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The InSight-HP³ mole on Mars: Lessons learned from attempts to penetrate to depth in the Martian soil

Spohn, T. and Hudson, Troy L. and Witte, Lars and Wippermann, Torben and Wisniewski, Lukasz and Kedziora, Bartosz and Vrettos, C. and Lorenz, Ralph D. and Golombek, M. and Lichtenheldt, Roy and Grott, M. and Knollenberg, Jörg and Krause, Christian and Fantinati, Cinzia and Nagihara, S. and Grygorczuk, J. (2022) The InSight-HP³ mole on Mars: Lessons learned from attempts to penetrate to depth in the Martian soil. Advances in Space Research (69), pp. 3140-3163. Elsevier. doi: 10.1016/j.asr.2022.02.009. ISSN 0273-1177.

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Abstract

The NASA InSight lander mission to Mars payload includes the Heat Flow and Physical Properties Package HP3 to measure the surface heat flow. The package was designed to use a small penetrator - nicknamed the mole - to implement a vertical string of temperature sensors in the soil to a depth of 5 m. The mole itself is equipped with sensors to measure a thermal conductivity-depth profile as it proceeds to depth. The heat flow is calculated from the product of the temperature gradient and the thermal conductivity. To avoid the perturbation caused by annual surface temperature variations, the measurements need to be taken at a depth between 3 m and 5 m. The mole is designed to penetrate cohesionless soil similar in rheology to quartz sand which is expected to provide a good analogue material for Martian sand. The sand would provide friction to the buried mole hull to balance the remaining recoil of the mole hammer mechanism that drives the mole forward. Unfortunately, the mole did not penetrate more than 40 cm, roughly a mole length. The failure to penetrate deeper is largely due to a cohesive duricrust of a few tens of centimeter thickness that failed to provide the required friction. Although a suppressor mass and spring as part of the mole hammer mechanism absorb much of the recoil, the available mass did not allow designing a system that fully eliminated the recoil. The mole penetrated to 40 cm depth benefiting from friction provided by springs in the support structure from which it was deployed and from friction and direct support provided by the InSight Instrument Deployment Arm. In addition, the Martian soil provided unexpected levels of penetration resistance that would have motivated designing a more powerful mole. The low weight of the mole support structure was not sufficient to guide the mole penetrating vertically. Roughly doubling the overall mass of the instrument package would have allowed to design a more robust system with little or no recoil, more energy of the mole hammer mechanism and a more massive support structure. In addition, to cope with duricrust a mechanism to support the mole to a depth of about two mole lengths should be considered.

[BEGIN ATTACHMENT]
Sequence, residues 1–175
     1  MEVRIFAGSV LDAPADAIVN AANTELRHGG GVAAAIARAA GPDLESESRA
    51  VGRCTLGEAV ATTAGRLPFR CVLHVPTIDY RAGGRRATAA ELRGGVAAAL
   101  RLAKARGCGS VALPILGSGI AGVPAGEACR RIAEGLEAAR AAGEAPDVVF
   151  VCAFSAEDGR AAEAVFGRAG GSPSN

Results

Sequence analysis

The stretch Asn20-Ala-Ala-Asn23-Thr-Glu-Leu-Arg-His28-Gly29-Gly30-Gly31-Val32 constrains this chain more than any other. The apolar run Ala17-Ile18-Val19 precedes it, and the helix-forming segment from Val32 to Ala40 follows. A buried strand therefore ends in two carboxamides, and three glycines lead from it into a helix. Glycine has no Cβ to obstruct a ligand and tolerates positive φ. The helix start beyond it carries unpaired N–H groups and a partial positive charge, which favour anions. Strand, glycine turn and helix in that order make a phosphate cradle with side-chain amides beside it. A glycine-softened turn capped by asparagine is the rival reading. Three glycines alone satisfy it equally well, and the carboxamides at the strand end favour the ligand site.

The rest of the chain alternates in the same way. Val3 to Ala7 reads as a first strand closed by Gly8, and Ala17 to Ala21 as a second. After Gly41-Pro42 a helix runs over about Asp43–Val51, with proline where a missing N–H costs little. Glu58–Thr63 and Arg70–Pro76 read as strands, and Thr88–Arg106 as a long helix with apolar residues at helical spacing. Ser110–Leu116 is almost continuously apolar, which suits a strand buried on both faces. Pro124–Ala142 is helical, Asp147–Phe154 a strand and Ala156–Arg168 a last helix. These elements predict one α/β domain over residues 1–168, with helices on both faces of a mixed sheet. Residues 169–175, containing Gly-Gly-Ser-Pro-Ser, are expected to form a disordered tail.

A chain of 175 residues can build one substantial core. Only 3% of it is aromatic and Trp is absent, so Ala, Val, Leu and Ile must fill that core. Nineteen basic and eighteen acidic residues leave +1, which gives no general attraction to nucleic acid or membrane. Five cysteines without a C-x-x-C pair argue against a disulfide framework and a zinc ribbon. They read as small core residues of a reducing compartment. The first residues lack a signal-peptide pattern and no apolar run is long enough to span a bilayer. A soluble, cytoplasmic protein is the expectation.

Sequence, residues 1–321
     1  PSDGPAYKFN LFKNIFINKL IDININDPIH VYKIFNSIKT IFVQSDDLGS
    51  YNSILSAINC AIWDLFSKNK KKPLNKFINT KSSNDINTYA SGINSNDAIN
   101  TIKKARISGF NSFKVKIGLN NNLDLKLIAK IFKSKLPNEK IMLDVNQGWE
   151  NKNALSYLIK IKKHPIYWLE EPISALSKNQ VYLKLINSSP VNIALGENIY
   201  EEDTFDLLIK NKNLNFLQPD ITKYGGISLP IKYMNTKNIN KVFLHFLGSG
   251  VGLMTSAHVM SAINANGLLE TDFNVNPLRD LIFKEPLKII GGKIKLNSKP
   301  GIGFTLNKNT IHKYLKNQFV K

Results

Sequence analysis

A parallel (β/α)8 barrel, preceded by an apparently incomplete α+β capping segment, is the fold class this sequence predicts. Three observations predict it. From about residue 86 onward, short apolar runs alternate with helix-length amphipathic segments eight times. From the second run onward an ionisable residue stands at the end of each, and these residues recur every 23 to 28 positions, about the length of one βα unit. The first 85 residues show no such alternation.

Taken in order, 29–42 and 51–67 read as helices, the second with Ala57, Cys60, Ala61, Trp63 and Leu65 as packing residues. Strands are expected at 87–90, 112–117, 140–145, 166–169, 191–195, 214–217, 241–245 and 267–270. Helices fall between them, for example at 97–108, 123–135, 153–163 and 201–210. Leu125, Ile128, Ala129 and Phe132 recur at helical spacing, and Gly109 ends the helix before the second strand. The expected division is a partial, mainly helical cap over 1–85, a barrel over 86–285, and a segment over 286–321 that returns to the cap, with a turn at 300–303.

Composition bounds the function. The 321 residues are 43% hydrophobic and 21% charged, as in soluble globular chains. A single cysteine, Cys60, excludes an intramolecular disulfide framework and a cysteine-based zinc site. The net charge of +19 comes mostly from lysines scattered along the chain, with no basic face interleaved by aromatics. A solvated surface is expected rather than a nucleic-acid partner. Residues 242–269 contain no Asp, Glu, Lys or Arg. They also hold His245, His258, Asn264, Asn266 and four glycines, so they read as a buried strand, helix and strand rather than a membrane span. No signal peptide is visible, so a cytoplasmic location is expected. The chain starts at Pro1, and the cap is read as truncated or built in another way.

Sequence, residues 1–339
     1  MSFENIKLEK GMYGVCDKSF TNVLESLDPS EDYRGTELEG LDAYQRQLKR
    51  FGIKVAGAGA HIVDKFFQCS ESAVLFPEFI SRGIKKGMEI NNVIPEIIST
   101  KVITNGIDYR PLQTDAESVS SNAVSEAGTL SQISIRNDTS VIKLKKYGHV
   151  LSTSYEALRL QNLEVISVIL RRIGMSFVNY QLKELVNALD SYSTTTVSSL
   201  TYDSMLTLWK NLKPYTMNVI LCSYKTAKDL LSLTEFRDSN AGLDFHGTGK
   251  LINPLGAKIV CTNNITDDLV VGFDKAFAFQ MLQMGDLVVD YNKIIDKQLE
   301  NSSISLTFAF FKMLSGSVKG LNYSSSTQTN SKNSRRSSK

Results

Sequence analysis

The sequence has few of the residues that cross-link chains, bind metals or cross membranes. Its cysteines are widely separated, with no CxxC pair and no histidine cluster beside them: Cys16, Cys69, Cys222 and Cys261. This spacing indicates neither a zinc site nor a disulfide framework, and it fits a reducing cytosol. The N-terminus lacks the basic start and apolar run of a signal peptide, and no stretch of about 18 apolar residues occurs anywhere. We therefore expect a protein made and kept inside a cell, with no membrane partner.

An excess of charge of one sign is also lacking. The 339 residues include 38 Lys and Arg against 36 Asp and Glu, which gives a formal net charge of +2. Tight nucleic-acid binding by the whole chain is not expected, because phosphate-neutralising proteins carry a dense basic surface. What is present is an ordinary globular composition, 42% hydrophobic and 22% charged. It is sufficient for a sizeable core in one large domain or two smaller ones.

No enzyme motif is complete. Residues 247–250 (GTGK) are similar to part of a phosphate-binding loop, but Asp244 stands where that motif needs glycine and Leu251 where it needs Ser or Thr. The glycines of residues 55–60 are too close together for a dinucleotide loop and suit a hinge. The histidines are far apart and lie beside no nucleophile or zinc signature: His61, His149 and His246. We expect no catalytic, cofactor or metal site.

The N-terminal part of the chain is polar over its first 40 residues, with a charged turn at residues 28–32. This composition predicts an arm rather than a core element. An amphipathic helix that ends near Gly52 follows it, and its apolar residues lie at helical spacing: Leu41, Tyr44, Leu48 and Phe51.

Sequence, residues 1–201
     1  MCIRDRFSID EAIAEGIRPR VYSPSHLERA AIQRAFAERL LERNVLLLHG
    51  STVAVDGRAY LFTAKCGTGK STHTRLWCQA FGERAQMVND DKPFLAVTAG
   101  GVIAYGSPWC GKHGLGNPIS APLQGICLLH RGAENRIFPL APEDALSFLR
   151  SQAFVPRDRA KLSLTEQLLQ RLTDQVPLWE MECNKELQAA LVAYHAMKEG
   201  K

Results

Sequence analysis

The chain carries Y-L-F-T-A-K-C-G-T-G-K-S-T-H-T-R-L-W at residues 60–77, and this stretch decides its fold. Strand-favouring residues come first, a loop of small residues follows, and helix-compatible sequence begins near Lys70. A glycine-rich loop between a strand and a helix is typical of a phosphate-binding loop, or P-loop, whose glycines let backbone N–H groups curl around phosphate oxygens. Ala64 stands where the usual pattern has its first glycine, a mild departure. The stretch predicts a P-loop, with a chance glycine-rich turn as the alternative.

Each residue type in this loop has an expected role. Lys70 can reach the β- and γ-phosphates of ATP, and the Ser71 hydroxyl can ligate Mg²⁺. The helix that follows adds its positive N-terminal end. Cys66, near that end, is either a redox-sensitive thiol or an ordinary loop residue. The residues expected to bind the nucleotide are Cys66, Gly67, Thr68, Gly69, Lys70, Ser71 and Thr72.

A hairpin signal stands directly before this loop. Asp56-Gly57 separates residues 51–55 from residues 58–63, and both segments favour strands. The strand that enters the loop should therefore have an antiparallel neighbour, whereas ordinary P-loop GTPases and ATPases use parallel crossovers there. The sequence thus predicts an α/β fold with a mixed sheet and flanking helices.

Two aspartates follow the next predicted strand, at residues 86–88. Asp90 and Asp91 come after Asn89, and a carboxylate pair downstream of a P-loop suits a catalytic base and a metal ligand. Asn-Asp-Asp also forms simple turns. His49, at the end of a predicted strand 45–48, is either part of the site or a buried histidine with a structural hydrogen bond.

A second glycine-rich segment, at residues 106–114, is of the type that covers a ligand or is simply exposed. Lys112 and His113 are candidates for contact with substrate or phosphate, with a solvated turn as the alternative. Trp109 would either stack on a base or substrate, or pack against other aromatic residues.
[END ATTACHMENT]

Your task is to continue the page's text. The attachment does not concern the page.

Item URL in elib:https://elib.dlr.de/186344/
Document Type:Article
Title:The InSight-HP³ mole on Mars: Lessons learned from attempts to penetrate to depth in the Martian soil
Authors:
AuthorsInstitution or Email of AuthorsAuthor's ORCID iDORCID Put Code
Spohn, T.UNSPECIFIEDhttps://orcid.org/0000-0002-9322-6660UNSPECIFIED
Hudson, Troy L.UNSPECIFIEDhttps://orcid.org/0000-0002-5879-6633UNSPECIFIED
Witte, LarsUNSPECIFIEDhttps://orcid.org/0000-0002-3921-2524UNSPECIFIED
Wippermann, TorbenUNSPECIFIEDhttps://orcid.org/0000-0002-0354-6557UNSPECIFIED
Wisniewski, LukaszUNSPECIFIEDUNSPECIFIEDUNSPECIFIED
Kedziora, BartoszAstronikaUNSPECIFIEDUNSPECIFIED
Vrettos, C.UNSPECIFIEDUNSPECIFIEDUNSPECIFIED
Lorenz, Ralph D.Johns Hopkins University, Applied Physics Lab., Laurel, MD 20723, USAUNSPECIFIEDUNSPECIFIED
Golombek, M.Jet Propulsion Laboratory, California Institute of Technology, Pasadena, USAhttps://orcid.org/0000-0002-1928-2293UNSPECIFIED
Lichtenheldt, RoyUNSPECIFIEDhttps://orcid.org/0000-0002-2539-4910UNSPECIFIED
Grott, M.UNSPECIFIEDhttps://orcid.org/0000-0002-8613-7096UNSPECIFIED
Knollenberg, JörgUNSPECIFIEDhttps://orcid.org/0000-0003-1249-8582UNSPECIFIED
Krause, ChristianUNSPECIFIEDUNSPECIFIEDUNSPECIFIED
Fantinati, CinziaUNSPECIFIEDUNSPECIFIEDUNSPECIFIED
Nagihara, S.Texas Tech Univ.UNSPECIFIEDUNSPECIFIED
Grygorczuk, J.ASTRONIKA, Warschau, PolenUNSPECIFIEDUNSPECIFIED
Date:10 February 2022
Journal or Publication Title:Advances in Space Research
Refereed publication:Yes
Open Access:Yes
Gold Open Access:No
In SCOPUS:Yes
In ISI Web of Science:Yes
DOI:10.1016/j.asr.2022.02.009
Page Range:pp. 3140-3163
Publisher:Elsevier
ISSN:0273-1177
Status:Published
Keywords:InSight mission; heat flow probe; penetrator; Martian soil; planetary exploration
HGF - Research field:Aeronautics, Space and Transport
HGF - Program:Space
HGF - Program Themes:Space Exploration
DLR - Research area:Raumfahrt
DLR - Program:R EW - Space Exploration
DLR - Research theme (Project):R - Project InSight - HP3
Location: Berlin-Adlershof
Institutes and Institutions:Institute of Space Systems > Land and Exploration Technology
Institute of System Dynamics and Control > Space System Dynamics
Space Operations and Astronaut Training > User center for space experiments (MUSC)
Institute of Planetary Research > Planetary Sensor Systems
Institute of Planetary Research > Planetary Physics
Deposited By: Witte, Dr. Lars
Deposited On:09 May 2022 09:51
Last Modified:30 Jan 2024 11:10

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